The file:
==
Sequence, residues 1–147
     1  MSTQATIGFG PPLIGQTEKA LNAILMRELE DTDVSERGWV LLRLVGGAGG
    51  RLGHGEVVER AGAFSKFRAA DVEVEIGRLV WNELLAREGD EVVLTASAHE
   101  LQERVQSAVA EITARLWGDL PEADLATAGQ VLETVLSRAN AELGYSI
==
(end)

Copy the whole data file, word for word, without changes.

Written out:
Sequence, residues 1–147
     1  MSTQATIGFG PPLIGQTEKA LNAILMRELE DTDVSERGWV LLRLVGGAGG
    51  RLGHGEVVER AGAFSKFRAA DVEVEIGRLV WNELLAREGD EVVLTASAHE
   101  LQERVQSAVA EITARLWGDL PEADLATAGQ VLETVLSRAN AELGYSI